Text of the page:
The compromise over Louisiana’s use of Common Core in public schools was heralded by supporters and critics of the multistate education standards.

But exactly what the deal would mean for Louisiana’s classrooms and its standardized testing is open to wide variations in interpretation. Whether it would ultimately scrap Common Core in public schools is definitely not clear.

Those decisions will depend on who’s chosen for the review process, who gets elected to the state education board this fall and who Louisiana’s next governor will be.

Despite the uncertainty, lawmakers on both sides praised the deal they reached last week.

Rep. Brett Geymann, R-Lake Charles, a chief critic of the multistate education standards, said he was “glad that we’re putting down the sword.” On the other side, Rep. Steve Carter, a Common Core supporter and chairman of the House Education Committee, hailed the achievement and called it “an historic day.”

Legislators with less strong opinions on the issue simply expressed relief the high-profile feud could disappear from the legislative session even if it rages on in education circles.

The Common Core standards are benchmarks of what students should learn at each grade level in English and math. They’ve been adopted by more than 40 states as a way to better prepare students for college and careers. Opponents say the standards are developmentally inappropriate and part of federal efforts to nationalize education.

The compromise proposal is spread over three bills. Chief among the requirements is a review of the English and math standards used in public schools.

The state Board of Elementary and Secondary Education would continue its already started review process and adopt any changes to the standards by March. Before that, public hearings would be required in each of Louisiana’s six congressional districts.

After BESE approval, the standards would have to go through Louisiana’s Administrative Procedures Act, which requires public notice, a comment period and legislative oversight. The next governor, to be elected this fall and take office in January, would get an up-or-down vote on the standards but couldn’t line-item veto individual standards.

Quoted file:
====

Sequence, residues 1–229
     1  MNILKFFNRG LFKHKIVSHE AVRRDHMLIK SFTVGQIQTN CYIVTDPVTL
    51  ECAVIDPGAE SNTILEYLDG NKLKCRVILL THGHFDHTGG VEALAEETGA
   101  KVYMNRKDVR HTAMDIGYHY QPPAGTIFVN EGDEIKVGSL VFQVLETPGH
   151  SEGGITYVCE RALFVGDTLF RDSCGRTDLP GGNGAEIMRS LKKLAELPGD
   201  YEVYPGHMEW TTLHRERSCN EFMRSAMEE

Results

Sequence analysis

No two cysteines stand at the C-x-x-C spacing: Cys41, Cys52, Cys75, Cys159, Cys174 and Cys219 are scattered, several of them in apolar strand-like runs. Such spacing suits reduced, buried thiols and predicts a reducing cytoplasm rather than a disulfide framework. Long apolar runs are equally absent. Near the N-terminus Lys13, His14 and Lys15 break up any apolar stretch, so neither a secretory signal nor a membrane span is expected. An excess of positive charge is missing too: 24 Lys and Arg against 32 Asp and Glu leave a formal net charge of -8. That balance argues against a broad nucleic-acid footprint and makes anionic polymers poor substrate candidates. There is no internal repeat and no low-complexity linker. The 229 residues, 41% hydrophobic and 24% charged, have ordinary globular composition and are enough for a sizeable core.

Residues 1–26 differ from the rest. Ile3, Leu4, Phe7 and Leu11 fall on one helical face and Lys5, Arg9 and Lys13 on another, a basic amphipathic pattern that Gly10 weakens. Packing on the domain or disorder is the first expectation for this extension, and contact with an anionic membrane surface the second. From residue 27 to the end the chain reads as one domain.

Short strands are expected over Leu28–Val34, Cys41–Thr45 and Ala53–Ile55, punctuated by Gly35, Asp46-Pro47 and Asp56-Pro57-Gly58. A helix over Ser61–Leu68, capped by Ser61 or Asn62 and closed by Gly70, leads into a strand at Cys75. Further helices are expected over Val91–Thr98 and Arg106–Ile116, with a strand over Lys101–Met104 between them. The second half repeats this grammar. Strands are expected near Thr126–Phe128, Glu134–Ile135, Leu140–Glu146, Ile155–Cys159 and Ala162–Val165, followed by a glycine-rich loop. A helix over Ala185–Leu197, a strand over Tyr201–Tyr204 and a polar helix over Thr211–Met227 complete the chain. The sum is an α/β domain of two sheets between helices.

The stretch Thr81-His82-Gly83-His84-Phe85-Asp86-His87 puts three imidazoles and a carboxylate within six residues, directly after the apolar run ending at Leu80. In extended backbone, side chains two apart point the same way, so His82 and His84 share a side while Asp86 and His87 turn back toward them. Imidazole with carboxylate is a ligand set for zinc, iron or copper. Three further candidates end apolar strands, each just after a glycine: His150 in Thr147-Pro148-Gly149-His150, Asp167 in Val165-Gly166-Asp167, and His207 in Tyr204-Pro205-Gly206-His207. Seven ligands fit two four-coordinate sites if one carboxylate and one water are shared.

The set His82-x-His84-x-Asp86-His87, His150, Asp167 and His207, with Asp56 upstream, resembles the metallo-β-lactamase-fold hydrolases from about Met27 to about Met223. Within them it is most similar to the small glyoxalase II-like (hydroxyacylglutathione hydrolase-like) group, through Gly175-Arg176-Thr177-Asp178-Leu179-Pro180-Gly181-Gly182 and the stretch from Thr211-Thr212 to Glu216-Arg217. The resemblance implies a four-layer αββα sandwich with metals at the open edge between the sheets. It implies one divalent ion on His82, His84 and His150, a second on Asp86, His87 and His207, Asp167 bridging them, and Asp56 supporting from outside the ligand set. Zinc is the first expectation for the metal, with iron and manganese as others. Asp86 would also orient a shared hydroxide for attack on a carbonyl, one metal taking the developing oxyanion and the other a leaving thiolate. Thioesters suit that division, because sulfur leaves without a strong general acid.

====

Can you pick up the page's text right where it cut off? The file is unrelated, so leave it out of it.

If the revised standards were rejected, the Common Core standards would stay in place until agreement was reached on any revisions.

In the upcoming school year, the state education department would have limits on use of standardized testing questions from a multistate consortium tied to Common Core. Testing contracts for future years would be put in place after the standards review process.

Chief among the gray areas, the compromise doesn’t dictate that Common Core must be replaced. The standards review process could come up with only modest adjustments that largely keep the multistate standards intact.

Rep. John Schroder, R-Covington, one of the compromise negotiators and a Common Core critic, said he believes the deal puts Louisiana on a path to move away from Common Core.

That wasn’t the interpretation of Senate Education Committee Chairman Conrad Appel, R-Metairie, a fierce supporter of Common Core. He told his committee that he didn’t expect “large-scale changes” to the standards during the review, just “minor adjustments.”

“We believe we’ve got good standards. We’re going to build on those,” Appel said.

Whether the standards review becomes a wholesale rewrite or a rebranding of Common Core could largely be decided by the fall elections. Eight of the 11 BESE members will be chosen in elections this fall.

Whether a majority of BESE members support or oppose Common Core is certain to determine what emerges from the review process. How strongly Louisiana’s next governor feels about Common Core also could dictate whether revised standards get supported or rejected.

One thing that seems likely about the compromise proposal is that Gov. Bobby Jindal, a Common Core opponent, would be handed a mixed bag. He wouldn’t be able to say he got rid of Common Core in Louisiana because the standards review wouldn’t be complete before he leaves office in January.

So far, Jindal has been lukewarm about the deal. He has declined to endorse the bills that are part of the compromise proposal, and top administration officials have listed several concerns with them.

Melinda Deslatte covers the Louisiana Capitol for The Associated Press.